Diamond solitaire ring, 6.67 carat round “Old European Cut” diamond (GIA certificate, potentially flawless, O-P color) in a very elaborate “Belle Epoque” 18K gold setting by Neil Lane set with numerous small round diamonds, signed
Arrow brooch c. 1925
Pavé set rectangular, triangular, square and round diamonds (approx. 9 carats TW)
all set in an articulated platinum mount
Marked: Marchak Paris, No.1673, wolfs-head French guarantee mark for platinum
L: 1 3/4”
Alexandre Marchak left his native Kiev in the wake of the Russian Revolution in 1918, settling in Paris. Within a few years he opened an establishment at 4, rue de la Paix in Paris with Robert Linzeler. They exhibited jewelry in the 1925 Exposition des Arts Decoratifs as well as in the 1937 International Exhibition of Arts and Techniques in Modern Life, both in Paris. Marchak’s son carried on the firm and was associated in the 1940s with another scion of an important jewelry family, Jacques Verger, grandson of the great Parisian watchmaker Ferdinand Verger. Like other European jewelers, this firm switched from platinum to gold in the 1930s.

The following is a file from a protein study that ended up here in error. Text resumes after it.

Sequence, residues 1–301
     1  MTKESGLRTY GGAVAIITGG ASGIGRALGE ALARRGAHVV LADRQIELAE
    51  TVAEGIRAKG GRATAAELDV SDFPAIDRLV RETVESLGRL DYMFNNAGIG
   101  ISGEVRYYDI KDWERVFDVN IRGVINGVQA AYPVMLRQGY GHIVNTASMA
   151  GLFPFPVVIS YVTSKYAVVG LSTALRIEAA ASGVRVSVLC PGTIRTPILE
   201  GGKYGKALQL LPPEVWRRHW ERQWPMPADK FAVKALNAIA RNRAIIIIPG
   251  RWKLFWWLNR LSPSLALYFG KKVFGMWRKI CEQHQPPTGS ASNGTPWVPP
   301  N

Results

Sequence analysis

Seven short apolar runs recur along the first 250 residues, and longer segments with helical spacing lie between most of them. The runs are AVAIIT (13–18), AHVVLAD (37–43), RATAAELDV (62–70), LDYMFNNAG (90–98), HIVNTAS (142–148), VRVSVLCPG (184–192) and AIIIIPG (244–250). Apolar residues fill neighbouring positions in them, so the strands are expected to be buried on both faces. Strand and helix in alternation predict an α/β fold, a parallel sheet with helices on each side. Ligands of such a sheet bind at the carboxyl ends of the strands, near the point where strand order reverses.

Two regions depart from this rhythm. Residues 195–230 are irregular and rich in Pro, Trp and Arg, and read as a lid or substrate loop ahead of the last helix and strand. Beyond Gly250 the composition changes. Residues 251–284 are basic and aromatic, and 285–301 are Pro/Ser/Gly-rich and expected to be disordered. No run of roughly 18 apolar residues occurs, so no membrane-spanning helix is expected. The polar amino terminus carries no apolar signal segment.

HAYNO FOCKEN (1905-1968) Germany
Round covered box c. 1935
Hand-wrought and hand-hammered copper with brass details
Marks under the foot: HF (conjoined monogram)
For other works by Hayno Focken see: Metallkunst: Vom Jugendstil zur Moderne (1889-1939), ed. Karl H. Bröhan (Berlin: Bröhan Museum, 1990), illus. 177, p. 183; Avantgarde Design 1880=1930,Torsten Bröhan & Thomas Berg (Köln, Benedict Taschen, 1994) p. 116; , (Berlin 1937) S. 43f, Abb. 37, Abb. S 128, S 146, Sl 243; Die Schaulade 15 Ausg. A (1939) Abb. S. 197, S. 204, S. 213; Die Schaulade 16 Ausg. A (1940) Abb. S. 44, S. 51., S. 54, S. 71, S. 83. S. 89; Die Kunst 84 (1941) S. 136, S. 139-39; Die Schaulade 17 (1941) Abb. S. 13, S. 41, S. 82, S. 229;
H: 4 ¼” x Dia: 4 7/8”
Hayno Focken (1905-1968) was an eminent German metal artist. He completed his training under Professor Karl Müller (1888-1972) at the design and arts school on Giebichenstein Castle in Halle (Saale), which was strongly tied to the ideals of the Deutsche Werkbund and the Bauhaus. In 1932 he established his own workshop in Lahr/Schwarzwald and continued his work until shortly before his death. His artistic work always stood out with a strong preference for large, organic forms, a similar manner of surface design and the same adherence to the principle of handicraft. Even his artist signet was modelled on the simple, square castle mark. In the 1950s he became one of those significant artists who had a major impact on contemporary metal design. The foundation of his creative work was a masterful understanding of proportions.